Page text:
A long, long time ago, Louis Jay Meyers was a young man in Texas learning to play banjo, which landed him in the general vicinity of bluegrass at an early age. But he was also a fan of The Who, especially the English classic-rock band’s landmark 1969 rock opera “Tommy.”
Except Meyers had a highly idiosyncratic take on it.
“For some reason, I always heard ‘Tommy’ in my head as a bluegrass record,” he said. “It was about 1970 when I started learning banjo, and ‘Tommy’ always just seemed like part of that world to me. I think it’s because it all drives off the same rhythmic pattern as bluegrass. Look at it right and it very much fits into that format.”
For the next 40-odd years, a bluegrass “Tommy” was nothing more than an idea in the back of Meyers’ mind, as his band Killbilly would goof off by playing Who songs at pre-show soundchecks. Meyers went on to be one of the original co-founders of the South By Southwest mega-conference and later spent a decade running the International Folk Alliance Conference. But even though he thought it “never stopped being a good idea,” Meyers never told anybody else about his idea for a bluegrass “Tommy.”
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Until he saw a Missouri band called the HillBenders a few years back, at an IBMA conference in Nashville. They were the first bluegrass band Meyers had ever seen with a vocalist who could approximate Who singer Roger Daltrey’s lusty bellows – singer/mandolinist Nolan Lawrence, who is trained as an opera singer (and also studied bluegrass at South Plains College in Texas).
They subsequently met and Meyers laid out his idea for a bluegrass-opera version of “Tommy.”
“Who the hell could do that?” Lawrence asked. Meyers smiled.
“I kinda thought you guys would.”
It took several years, but the HillBenders’ “Tommy: A Bluegrass Opry” (Compass Records) is out in the world. The live version has been a hit on the festival/conference circuit, and the HillBenders will play it Friday night on City Plaza Stage as part of the Wide Open Bluegrass free street festival.
An improbably fantastic interpretation, the bluegrass “Tommy” turned out to be everything Meyers hoped for. It eschews any sort of “Pickin’ On …”-style cheesiness to hit a perfect balance between reinvention and faithfulness to the spirit of the original, rendered with enough down-home flair for both rock and bluegrass audiences.
In the studio, it became obvious early on that it was going to work. All it took was the HillBenders’ first run-through of the album’s opening “Overture” for Meyers to feel something like vindication.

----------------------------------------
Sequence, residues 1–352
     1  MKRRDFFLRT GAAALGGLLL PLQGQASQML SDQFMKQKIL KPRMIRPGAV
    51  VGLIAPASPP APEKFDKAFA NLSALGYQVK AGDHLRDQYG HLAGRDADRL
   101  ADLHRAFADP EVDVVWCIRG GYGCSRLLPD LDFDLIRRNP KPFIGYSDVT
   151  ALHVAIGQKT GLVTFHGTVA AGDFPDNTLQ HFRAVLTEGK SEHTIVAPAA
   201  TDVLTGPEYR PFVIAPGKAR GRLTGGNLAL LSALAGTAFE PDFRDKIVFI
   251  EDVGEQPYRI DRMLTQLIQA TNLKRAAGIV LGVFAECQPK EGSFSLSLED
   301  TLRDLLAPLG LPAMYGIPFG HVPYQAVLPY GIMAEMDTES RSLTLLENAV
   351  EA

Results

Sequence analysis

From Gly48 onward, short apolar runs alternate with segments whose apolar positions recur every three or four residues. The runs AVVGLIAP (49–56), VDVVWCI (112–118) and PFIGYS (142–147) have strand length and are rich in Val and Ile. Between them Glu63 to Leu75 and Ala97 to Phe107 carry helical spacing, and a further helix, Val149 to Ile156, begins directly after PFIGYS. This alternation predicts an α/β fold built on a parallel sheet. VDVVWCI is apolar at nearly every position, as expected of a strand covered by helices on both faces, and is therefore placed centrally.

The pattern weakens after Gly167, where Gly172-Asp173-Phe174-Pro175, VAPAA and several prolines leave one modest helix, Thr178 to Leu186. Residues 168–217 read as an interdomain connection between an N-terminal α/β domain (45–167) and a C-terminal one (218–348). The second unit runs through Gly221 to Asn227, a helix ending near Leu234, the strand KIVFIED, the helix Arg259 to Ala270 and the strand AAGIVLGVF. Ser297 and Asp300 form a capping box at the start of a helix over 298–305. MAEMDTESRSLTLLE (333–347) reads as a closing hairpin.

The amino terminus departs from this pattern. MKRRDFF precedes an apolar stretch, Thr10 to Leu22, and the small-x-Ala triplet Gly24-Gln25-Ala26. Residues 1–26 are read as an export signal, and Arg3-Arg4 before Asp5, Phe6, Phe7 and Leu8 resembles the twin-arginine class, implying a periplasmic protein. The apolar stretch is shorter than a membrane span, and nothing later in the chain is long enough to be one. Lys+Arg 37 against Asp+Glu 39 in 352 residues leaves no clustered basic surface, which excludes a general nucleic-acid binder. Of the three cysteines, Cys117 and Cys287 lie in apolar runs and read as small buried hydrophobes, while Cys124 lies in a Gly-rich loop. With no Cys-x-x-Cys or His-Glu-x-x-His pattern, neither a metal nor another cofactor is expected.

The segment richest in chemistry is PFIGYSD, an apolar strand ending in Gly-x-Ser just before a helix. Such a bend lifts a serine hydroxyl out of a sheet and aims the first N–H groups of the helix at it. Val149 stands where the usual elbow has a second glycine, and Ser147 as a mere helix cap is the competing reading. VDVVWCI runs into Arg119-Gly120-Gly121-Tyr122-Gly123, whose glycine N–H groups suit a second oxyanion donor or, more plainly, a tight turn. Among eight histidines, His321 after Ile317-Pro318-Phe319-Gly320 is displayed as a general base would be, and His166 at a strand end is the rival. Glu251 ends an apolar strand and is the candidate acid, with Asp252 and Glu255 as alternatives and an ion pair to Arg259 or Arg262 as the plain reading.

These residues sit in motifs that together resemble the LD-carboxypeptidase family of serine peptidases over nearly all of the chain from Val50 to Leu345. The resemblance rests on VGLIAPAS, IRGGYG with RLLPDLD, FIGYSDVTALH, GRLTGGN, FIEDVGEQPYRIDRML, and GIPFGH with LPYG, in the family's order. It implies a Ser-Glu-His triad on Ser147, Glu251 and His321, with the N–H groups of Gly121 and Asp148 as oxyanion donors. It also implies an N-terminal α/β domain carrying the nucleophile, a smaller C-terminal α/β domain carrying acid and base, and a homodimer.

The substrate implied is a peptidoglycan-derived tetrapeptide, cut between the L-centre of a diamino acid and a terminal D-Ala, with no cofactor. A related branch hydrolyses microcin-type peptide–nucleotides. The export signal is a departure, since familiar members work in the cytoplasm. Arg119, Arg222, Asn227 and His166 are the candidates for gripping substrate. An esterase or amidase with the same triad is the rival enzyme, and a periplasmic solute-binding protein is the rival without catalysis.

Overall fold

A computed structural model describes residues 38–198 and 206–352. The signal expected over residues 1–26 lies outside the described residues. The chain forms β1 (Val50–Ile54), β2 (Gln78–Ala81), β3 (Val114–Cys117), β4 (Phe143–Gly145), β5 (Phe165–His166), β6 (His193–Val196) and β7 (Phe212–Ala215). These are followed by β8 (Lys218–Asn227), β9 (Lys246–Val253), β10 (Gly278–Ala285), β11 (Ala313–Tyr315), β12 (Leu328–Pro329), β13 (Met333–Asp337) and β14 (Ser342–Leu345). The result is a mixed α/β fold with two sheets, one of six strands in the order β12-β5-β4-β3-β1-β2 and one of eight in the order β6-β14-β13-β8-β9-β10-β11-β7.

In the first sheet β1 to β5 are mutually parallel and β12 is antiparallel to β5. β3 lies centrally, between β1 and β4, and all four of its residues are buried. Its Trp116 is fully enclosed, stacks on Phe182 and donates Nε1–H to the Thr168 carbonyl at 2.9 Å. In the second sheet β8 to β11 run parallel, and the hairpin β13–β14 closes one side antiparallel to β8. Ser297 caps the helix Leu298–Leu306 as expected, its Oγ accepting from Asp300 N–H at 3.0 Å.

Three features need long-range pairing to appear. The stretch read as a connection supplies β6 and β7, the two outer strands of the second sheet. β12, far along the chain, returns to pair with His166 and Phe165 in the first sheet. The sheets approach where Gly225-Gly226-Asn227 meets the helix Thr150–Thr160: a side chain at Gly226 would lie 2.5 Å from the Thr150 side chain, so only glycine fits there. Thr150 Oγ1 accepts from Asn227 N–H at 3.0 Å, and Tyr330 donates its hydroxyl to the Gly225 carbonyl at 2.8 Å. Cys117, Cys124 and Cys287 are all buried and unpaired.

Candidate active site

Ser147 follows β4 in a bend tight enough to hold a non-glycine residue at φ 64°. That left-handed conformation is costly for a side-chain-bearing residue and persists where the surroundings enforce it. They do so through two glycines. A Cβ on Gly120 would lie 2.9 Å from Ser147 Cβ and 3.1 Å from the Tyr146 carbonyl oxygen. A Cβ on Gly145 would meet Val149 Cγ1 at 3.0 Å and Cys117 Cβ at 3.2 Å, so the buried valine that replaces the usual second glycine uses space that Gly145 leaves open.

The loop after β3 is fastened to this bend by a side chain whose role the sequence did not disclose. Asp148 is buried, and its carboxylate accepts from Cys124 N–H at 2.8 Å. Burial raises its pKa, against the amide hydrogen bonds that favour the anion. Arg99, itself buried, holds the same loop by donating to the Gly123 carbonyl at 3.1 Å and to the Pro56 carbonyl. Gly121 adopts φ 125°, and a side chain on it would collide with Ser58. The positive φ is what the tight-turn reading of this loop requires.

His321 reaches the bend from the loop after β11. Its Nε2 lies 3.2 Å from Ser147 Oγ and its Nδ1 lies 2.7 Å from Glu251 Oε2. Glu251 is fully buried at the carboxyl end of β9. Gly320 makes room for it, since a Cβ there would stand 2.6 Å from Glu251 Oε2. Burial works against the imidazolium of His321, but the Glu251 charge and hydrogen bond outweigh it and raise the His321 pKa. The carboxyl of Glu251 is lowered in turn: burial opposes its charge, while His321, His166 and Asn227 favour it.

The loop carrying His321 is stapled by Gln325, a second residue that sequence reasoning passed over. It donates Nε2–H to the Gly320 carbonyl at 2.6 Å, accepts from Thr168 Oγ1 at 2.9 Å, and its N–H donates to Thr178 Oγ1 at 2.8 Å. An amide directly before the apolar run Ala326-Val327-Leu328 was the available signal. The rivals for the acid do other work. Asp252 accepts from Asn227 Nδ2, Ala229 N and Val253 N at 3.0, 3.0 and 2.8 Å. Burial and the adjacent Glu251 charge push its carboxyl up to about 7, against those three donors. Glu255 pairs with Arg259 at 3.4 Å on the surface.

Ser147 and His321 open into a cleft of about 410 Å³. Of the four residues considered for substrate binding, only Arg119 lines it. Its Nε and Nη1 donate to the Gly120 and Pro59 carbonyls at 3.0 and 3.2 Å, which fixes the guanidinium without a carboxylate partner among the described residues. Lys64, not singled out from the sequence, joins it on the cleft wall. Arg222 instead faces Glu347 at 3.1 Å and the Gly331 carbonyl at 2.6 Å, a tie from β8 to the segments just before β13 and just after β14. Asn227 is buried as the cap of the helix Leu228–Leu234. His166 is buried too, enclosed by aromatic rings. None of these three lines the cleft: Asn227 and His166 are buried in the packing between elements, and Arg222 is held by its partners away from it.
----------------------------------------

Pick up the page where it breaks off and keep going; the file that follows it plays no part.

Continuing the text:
“The first time I heard Chad (Graves) play the ‘Overture’ French horn riff on Dobro, I smiled so hard,” Meyers said. “Because that’s exactly how I always heard it in my head.”
A vocal challenge
Similarly inventive arrangement flourishes abound throughout the bluegrass “Tommy,” like clipped strums filling in for Keith Moon’s overpowering drums and Mark Cassidy’s rolling banjo replicating Pete Townshend’s percussive rhythmic guitar. Guitarist Jimmy Rea, the biggest Who fan in the band, did most of the heavy-lifting in terms of arrangements.
But the biggest burden fell on frontman Lawrence, who admittedly didn’t know “Tommy” all that well before the project. It was a serious vocal challenge, with the complex harmonies to “Cousin Kevin” and the closing “We’re Not Gonna Take It/See Me, Feel Me” suite proving particularly daunting.
“There are a couple of spots where the tenor part is so high for so long, it’s difficult to finish,” Lawrence said. “Getting through the end of the last song is very demanding. I came out of this with a ridiculous amount of respect for Daltrey’s vocals on ‘Tommy.’ That was not an easy feat.”
Townshend was impressed, too. Meyers sent a copy of the album to The Who organization, and Townshend responded within the hour that he loved it and wanted to meet the band. That happened in Nashville.
“The first thing he asked was who sang ‘Acid Queen,’” Lawrence said. “I raised my hand and he does a double-take. ‘With a beard like that, how’d you pull it off?!’”
In the process of rearranging “Tommy” for drum-free acoustic instrumentation, the HillBenders gave it a few nips and tucks, shortening some songs and also dropping the instrumental “Underture.” Once in a blue moon, however, they’ll break out “Underture” onstage.
“We save it for when someone has broken a string, which happens because we’re just beating the crap out of our instruments,” said Lawrence. “The first time was not planned. Somebody broke a string and everybody else went into ‘Underture.’ It was in Buffalo, New York, and there happened to be a drum kit onstage. So Jimmy jumped in there and started doing Keith Moon drum parts to it. That was killer. So now ‘Underture’ is kind of in the back-pocket for special occasions.”
Like, say, Wide Open Bluegrass?
“Come see it and find out.”
If you go
What: The HillBenders performing “Tommy: A Bluegrass Opry” at Wide Open Bluegrass
When: 9:30 p.m. Friday
Where: City Plaza Stage on Fayetteville Street, downtown Raleigh